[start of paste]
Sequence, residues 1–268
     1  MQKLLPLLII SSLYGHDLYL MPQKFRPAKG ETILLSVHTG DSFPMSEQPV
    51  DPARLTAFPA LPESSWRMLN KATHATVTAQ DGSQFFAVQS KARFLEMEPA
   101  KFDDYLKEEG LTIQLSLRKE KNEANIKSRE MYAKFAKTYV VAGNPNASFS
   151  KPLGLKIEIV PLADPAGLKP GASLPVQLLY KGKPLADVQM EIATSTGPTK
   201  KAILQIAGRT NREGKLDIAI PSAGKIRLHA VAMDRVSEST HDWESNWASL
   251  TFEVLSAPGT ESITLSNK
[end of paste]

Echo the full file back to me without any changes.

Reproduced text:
Sequence, residues 1–268
     1  MQKLLPLLII SSLYGHDLYL MPQKFRPAKG ETILLSVHTG DSFPMSEQPV
    51  DPARLTAFPA LPESSWRMLN KATHATVTAQ DGSQFFAVQS KARFLEMEPA
   101  KFDDYLKEEG LTIQLSLRKE KNEANIKSRE MYAKFAKTYV VAGNPNASFS
   151  KPLGLKIEIV PLADPAGLKP GASLPVQLLY KGKPLADVQM EIATSTGPTK
   201  KAILQIAGRT NREGKLDIAI PSAGKIRLHA VAMDRVSEST HDWESNWASL
   251  TFEVLSAPGT ESITLSNK